About the Books

How did you develop the character of Moe Prager?

Moe Prager is an outgrowth of a character named Moe Einstein, from two unpublished novels featuring Einstein. There is a superficial resemblance between Moe Prager and Reed Farrel Coleman. We’re both from the same neighborhood in Brooklyn (Sheepshead Bay/Coney Island) and we went to the same high school (Abraham Lincoln), but Moe is older than me and would be about my oldest brother’s age. Moe is better looking than me, but I’m smarter. On a deeper level, Moe and I share the same struggle with our Judaism.


Are your books available on audio? In e-book format?

Yes! Check the Books Page for links.


Why did you write some books under the name Tony Spinosa?

I created Tony at a time when I had completed the last book of a contract. My future with that publisher was unclear and I was unwilling to sit on my hands until a determination was made. At the same time, I didn’t want to write a book with my real name that might compete head to head with my other works. So Tony Spinosa was born.


Are some of your characters based on real people?

Retired NYPD Detective Tom McDonald served as the model for Johnny MacClough, a central figure in the Dylan Klein novels. And in the Moe Prager series, Moe’s brother Aaron is very closely modeled on my brother David.


What is the order of the Moe Prager books?

Click here to see the Moe Prager books in order.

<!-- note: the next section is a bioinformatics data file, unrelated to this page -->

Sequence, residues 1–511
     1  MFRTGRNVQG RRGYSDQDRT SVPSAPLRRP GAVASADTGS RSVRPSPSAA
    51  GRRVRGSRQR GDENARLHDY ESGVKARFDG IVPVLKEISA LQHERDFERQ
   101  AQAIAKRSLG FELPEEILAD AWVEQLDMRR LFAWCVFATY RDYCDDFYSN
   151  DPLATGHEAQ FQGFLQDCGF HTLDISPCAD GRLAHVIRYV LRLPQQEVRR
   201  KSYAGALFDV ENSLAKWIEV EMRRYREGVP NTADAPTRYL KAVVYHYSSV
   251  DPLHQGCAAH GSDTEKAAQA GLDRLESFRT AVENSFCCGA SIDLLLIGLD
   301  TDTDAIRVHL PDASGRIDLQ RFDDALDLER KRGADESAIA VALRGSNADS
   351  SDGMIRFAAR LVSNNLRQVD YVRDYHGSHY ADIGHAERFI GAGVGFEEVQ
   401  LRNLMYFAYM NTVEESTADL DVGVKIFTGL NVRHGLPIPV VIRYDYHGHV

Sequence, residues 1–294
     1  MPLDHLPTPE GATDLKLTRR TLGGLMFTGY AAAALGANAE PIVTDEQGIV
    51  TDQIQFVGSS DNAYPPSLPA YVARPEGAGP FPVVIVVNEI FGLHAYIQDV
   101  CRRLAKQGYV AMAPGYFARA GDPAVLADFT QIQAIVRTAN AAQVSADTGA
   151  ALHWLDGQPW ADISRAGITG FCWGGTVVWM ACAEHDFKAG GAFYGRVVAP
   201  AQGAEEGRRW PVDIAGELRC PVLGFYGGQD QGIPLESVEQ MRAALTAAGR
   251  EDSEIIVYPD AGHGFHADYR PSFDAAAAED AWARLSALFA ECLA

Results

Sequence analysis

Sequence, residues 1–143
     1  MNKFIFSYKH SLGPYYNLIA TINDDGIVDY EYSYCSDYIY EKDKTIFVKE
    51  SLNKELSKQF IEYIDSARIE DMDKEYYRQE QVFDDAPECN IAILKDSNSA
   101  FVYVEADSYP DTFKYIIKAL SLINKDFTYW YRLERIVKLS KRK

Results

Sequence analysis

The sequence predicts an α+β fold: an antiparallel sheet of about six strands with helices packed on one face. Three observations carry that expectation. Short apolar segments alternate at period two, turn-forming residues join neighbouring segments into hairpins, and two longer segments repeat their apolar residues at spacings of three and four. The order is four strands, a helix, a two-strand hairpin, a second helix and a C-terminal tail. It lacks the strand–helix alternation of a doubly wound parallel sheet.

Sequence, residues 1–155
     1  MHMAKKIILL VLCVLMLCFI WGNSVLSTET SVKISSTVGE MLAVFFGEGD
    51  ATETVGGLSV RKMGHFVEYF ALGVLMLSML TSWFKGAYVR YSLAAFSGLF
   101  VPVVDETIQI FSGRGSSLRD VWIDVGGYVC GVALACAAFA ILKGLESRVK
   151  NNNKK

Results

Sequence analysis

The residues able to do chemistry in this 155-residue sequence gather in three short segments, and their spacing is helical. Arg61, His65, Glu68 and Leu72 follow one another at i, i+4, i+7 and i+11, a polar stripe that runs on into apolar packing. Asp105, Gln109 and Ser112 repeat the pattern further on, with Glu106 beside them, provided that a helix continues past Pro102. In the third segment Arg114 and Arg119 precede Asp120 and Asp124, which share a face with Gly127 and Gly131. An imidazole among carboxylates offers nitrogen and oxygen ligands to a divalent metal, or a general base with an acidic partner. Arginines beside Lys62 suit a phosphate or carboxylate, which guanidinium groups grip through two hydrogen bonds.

About Reed

Is it true you started out as a poet?

My first published work was a poem in my high school literary magazine, and at Brooklyn College I was on the school literary magazine. But any pretense of pursuing poetry as a career was dashed when I took a careful look at the faculty of the English Department. At that time in the mid 70s, Allen Ginsberg, John Ashbery and David Lehman were teaching at BC. Any chip was promptly knocked off my shoulder and ground into dust. It was like thinking you’re good enough to play in the NBA and having Michael Jordan kick your ass up and down the court until you realize that maybe basketball isn’t a good career choice.


Are you from Brooklyn?

Yes, an area in Brooklyn that borders Sheepshead Bay, Brighton Beach and Coney Island. They all figure prominently in my work – Coney Island especially, with its bizarre blend of decadence and bustle.


Can you tell us about some of your influences?

My big brothers, Jules and David, showed me that not everything in the world was disastrous. My father’s illness (bone cancer) and his failure in business are so much a part of me that it is sometimes difficult to separate who I am now from who he was and what he suffered. My mom spoke a lot of Yiddish and though we weren’t exactly a religious family, the sound of Yiddish has shaped me more than I can say.


How can I contact you?

I’m always happy to hear from readers. Click here to contact me.